Q. Your blog has morphed over the years and is no longer quite so “entry level.” Can you share a little about how and when you decided to rebrand?

A. When Rosetta Thurman and Trista Harris were writing their book How to be a Nonprofit Rockstar they wanted to include my blog and a post I had written. When they checked in to confirm how my blog and name should be credited, it dawned on me that while I was sharing advice on starting a career, I wanted my blog to reflect my professional growth; I wasn’t entry level anymore and had a growing network of peers which lead to a variety of experiences in what it means to make a difference. I didn’t want a huge departure from my original approach but I did want to tighten up my writing and vision, hence my tagline “Helping Millennials put their passions into practice.” Although simple, it acts as a launching pad when producing content. Some of the most popular posts since then have covered the role of college in your career, social entrepreneurship, and nitty gritty job searching tips.

Q. In this new role at Idealist you’re going to be eating and breathing a lot of online networking. Can you share one of your social media “lightbulb moments”?

A. I have had many lightbulb moments, most of them offline, in particular working with parents and students in schools. My work in education has taught me the importance of the phrase “meet people where they are.” Though the phrase is often used to encourage people to adopt social media to connect with new staff, donors, allies, and organizations, it is really reminding us to put people first and to communicate with them on their terms, online and offline.

Q. What made you decide to apply for this job? What are you most excited about now that orientation is underway?

A. [Idealist’s Executive Director] Ami once called me an “accidental techie”: I kind of fell into social media and technology through my love of blogging and the excitement I feel from connecting with people and learning about the world around me. But there is something amazing about being able to focus intently on how social media and tech are being used to make the world a better place and being able to throw myself into that conversation. And I just love Seriously – the service it provides, the message it sends, and its plan for world domination really appeal to me. Plus, I truly believe that writing and editing are art forms. You can make magic happen with words.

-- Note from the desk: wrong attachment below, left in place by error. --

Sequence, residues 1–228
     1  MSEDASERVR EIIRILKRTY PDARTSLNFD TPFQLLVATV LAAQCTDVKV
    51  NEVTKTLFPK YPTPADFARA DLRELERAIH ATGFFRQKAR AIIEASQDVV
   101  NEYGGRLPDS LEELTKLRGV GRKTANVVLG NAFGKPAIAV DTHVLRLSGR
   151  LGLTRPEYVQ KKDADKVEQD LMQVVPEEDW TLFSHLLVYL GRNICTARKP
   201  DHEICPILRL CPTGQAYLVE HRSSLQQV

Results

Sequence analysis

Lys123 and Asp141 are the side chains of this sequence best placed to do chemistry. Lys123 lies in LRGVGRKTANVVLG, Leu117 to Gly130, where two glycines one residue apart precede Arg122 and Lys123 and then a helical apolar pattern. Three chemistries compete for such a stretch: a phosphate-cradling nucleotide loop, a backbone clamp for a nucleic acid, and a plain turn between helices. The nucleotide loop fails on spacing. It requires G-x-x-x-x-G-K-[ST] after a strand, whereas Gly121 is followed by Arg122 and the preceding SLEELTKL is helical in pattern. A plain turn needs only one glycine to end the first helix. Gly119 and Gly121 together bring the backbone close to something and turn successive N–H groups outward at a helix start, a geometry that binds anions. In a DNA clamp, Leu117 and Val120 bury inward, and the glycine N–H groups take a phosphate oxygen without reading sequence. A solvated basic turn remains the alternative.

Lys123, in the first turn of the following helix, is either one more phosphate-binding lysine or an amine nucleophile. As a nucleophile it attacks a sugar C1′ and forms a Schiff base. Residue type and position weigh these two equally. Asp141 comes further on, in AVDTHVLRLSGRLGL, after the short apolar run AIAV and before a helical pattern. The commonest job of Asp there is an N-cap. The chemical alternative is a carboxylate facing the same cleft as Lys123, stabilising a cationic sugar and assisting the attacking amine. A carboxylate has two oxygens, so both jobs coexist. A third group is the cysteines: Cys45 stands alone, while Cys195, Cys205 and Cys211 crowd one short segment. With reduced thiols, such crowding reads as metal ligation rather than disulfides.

See why we feel lucky to have Allison on board? Leave a comment below to welcome her! She’ll also be the human behind our Facebook, TwitterLinkedIn, and Pinterest accounts, so feel free to introduce yourself.

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Considering grad school? Explore your options at an Idealist Grad Fair


A friendly recruiter chats up a prospective student at an Idealist Grad Fair. (Photo: Jung Fitzpatrick)

School may be out (or almost out) for the summer, but that doesn’t mean it shouldn’t be on your radar. We’re kicking off the summer with two Idealist Grad Fairs and you’re invited! As always, the fairs are free, open to the public, and geared toward people who want to make a difference through their careers.

Learn more and RSVP:

Why attend our summer fairs?

Come beat the heat in air conditioned spaces – ones that are slightly more intimate than the fairs we host in New York and DC in September, which tend to draw huge crowds. You’ll have a chance to talk one-on-one with admissions folks from about 60 different programs, and mingle with people who are looking to further their education, achieve their career goals, and make a lasting impact on the world.

Bonus: You’ll be a step ahead of your peers by attending a summer fair. That’s three months before the fall Idealist Grad Fair season begins, and gives you lots of time to prepare applications for 2013! The early bird gets the worm, right?

Can’t make it to New York or DC?

Don’t fret if you can’t make it to either of the summer fairs. We have 17 more planned for the fall 2012 Idealist Grad Fair season, from Boston to Denver to Miami. Check out the full lineup and please spread the word to your friends in those cities who may be considering grad school.

Hope to see many of you at the fairs!

Thanks to Kevin Kennedy, our Events and Communications Intern, for this post – and for all of your hard work supporting the Idealist Grad Fairs.

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Graduating? Five tips to manage your student loans

Our thanks to Heather Jarvis for this post. Heather is a former capital defense attorney and long-time public service advocate who provides free tools and information for student loan borrowers and the people who love them.

Congratulations to the Class of 2012! It’s time to get a grip on those student loans you’ve been pushing to the back of your mind. Update your contact information with your lender, read every piece of mail you get about your loans so that you can figure out a plan that works for you, and check out my five top suggestions.


It's a lot to think about, but you can do it! (Photo: Scot Campbell, Flickr/Creative Commons)

1. Pull together a list of your loans and see what you’ve got.

Your options will depend on what kind of loans you have so the first step is getting a clear idea of what you owe. Use the National Student Loan Data System (NSLDS) to learn your balance, your loan “servicer”, and your “repayment status”. Private student loans won’t be listed on NSLDS, but you should be able to find them on your credit report.